Hane at the Head of One and a Half
Once one has learned to hane at the head of two stones, it becomes a natural instinct to do it even when you have only one supporting stone instead of two. This seems to be a common problem around the 10k level.
If Black has a stone at x, is excellent shape. But without that stone, he is asking for a fight in a situation where he is weaker. He has played into an atekomi and the cutting point at a is crying out to be exploited.
It is quite possible for to be a fine move for tactical reasons based on nearby stones, but it should generally not be your first instinct.
Patrick Taylor: Would playing when d is in place be one of these "tactical reasons" or is it generally better still to extend?
Karl Knechtel: You mean this?
(2 and 3 are a common continuation)
This is effectively a different shape, and is in the majority of cases better than "extending" (really, connecting) directly at a. You would only play a directly if a peep at b in response to would be meaningful, really. (The peep generally forces a, such that is exchanged for b - but that is usually aji keshi on White's part.)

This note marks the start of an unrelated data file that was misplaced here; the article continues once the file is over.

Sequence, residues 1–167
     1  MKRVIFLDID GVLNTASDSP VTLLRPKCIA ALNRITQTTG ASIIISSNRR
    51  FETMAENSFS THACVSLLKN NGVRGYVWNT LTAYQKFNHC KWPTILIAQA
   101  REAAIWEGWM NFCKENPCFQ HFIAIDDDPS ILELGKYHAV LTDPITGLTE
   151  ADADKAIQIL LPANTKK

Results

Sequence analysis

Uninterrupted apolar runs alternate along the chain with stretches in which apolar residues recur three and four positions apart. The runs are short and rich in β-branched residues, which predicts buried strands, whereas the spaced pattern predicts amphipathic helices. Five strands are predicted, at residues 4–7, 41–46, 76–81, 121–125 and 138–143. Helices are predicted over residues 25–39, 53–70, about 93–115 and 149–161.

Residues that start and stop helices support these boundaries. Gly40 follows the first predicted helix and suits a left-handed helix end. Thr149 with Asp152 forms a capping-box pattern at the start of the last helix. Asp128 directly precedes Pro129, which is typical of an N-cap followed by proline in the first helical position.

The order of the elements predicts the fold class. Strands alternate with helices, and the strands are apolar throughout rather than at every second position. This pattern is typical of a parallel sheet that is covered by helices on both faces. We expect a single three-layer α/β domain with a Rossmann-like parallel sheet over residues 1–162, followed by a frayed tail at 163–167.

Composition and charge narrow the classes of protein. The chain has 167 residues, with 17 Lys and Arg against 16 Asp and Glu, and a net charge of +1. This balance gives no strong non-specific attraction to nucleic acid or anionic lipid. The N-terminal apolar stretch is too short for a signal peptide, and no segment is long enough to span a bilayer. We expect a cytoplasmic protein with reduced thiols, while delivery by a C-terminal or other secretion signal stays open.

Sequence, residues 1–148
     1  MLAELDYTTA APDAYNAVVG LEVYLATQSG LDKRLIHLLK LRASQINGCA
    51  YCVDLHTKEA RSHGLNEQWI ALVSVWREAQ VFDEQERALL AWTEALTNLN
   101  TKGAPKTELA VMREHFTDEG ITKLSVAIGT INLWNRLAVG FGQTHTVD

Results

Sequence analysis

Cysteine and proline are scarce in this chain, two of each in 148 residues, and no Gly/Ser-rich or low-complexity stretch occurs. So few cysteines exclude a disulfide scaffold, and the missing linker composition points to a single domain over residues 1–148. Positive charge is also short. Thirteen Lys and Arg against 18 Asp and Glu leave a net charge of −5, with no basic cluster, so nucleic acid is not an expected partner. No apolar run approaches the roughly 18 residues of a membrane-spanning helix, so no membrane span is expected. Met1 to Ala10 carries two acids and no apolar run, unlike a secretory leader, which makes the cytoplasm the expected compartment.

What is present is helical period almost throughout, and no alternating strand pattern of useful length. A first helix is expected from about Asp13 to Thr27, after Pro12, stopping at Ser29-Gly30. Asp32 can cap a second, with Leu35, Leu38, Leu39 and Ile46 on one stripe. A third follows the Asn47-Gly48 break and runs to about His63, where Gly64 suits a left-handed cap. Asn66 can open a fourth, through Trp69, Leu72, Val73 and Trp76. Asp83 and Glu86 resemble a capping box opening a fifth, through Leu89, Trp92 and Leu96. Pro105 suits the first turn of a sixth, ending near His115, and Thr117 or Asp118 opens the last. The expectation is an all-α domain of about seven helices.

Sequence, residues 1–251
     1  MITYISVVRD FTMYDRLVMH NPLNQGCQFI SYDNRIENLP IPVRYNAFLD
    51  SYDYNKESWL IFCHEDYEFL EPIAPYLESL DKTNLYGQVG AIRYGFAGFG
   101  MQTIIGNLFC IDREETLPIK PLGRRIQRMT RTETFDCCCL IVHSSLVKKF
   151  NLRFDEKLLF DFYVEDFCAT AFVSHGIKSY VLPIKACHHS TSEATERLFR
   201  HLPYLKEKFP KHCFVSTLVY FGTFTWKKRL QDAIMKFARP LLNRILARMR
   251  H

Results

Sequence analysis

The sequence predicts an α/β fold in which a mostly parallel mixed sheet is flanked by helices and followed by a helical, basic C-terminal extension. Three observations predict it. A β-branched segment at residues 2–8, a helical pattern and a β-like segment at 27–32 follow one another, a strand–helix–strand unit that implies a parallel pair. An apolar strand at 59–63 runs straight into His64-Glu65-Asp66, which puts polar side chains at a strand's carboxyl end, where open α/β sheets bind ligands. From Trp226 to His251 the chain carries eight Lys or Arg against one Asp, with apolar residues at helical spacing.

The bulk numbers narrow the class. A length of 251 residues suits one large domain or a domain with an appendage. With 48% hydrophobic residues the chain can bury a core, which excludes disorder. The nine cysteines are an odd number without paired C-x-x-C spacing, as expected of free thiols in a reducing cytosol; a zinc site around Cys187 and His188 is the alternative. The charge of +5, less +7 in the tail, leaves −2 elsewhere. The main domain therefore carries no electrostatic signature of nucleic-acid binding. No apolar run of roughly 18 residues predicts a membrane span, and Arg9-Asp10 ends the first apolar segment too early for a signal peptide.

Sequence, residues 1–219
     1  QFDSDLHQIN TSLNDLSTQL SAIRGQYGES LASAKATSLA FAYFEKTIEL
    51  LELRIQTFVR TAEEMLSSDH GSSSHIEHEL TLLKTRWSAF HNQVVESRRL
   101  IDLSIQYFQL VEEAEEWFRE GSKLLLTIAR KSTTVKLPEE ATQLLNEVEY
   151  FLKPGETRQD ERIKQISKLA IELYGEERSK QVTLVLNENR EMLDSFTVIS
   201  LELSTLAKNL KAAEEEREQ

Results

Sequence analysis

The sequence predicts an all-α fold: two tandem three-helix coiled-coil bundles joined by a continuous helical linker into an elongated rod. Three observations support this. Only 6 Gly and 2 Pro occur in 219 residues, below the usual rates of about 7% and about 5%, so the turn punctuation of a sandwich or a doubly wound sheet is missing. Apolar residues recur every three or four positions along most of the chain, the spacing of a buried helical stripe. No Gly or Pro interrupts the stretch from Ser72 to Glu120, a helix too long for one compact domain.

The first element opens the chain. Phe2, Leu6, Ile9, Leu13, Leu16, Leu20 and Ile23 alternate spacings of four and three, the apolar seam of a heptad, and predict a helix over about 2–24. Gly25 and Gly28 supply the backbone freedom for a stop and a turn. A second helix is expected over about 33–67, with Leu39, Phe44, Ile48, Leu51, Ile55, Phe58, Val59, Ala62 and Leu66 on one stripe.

This is the standard response to (which in turn is the standard response to the shoulder hit of Black's first stone). Black's and White's groups are now equally strong, with the same number of liberties.
Author: Dan. I am only 5k, so comments and corrections are most welcome!
Duhii: Hane is correct for some shapes, extension is correct for others... The diagrams are too small, they don't show the rest of the board at all. In an otherwise empty area, extension is a solid, good move. Then again, pushing from behind in that kind of situation looks like a bad move.
golearner: What about hane at the head of two and a half? Is this also weak? (I'm thinking of continuing from the last diagram as follows.) My own answer is yes, this would also be a weaker move than just extending, and it should work for any length of stones, no? I wonder though, if the distance from the edge of the board makes a difference...
TheBigH: I would say that, the longer the two lines, the less the disadvantage. Haneing at the head of five and a half would be less unfavourable than haneing at the head of one and a half.